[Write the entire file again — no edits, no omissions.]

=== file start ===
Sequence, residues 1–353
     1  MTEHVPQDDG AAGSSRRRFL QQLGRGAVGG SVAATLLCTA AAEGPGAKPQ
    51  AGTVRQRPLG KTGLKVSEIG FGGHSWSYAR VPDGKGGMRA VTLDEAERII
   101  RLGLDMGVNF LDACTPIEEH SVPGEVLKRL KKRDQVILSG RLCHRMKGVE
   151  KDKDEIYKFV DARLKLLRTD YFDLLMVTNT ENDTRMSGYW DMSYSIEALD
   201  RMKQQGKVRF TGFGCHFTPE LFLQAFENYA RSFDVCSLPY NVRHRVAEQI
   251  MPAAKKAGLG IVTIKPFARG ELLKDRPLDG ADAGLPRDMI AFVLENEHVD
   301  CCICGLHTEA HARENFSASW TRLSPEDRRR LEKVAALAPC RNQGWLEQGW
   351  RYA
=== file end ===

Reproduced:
Sequence, residues 1–353
     1  MTEHVPQDDG AAGSSRRRFL QQLGRGAVGG SVAATLLCTA AAEGPGAKPQ
    51  AGTVRQRPLG KTGLKVSEIG FGGHSWSYAR VPDGKGGMRA VTLDEAERII
   101  RLGLDMGVNF LDACTPIEEH SVPGEVLKRL KKRDQVILSG RLCHRMKGVE
   151  KDKDEIYKFV DARLKLLRTD YFDLLMVTNT ENDTRMSGYW DMSYSIEALD
   201  RMKQQGKVRF TGFGCHFTPE LFLQAFENYA RSFDVCSLPY NVRHRVAEQI
   251  MPAAKKAGLG IVTIKPFARG ELLKDRPLDG ADAGLPRDMI AFVLENEHVD
   301  CCICGLHTEA HARENFSASW TRLSPEDRRR LEKVAALAPC RNQGWLEQGW
   351  RYA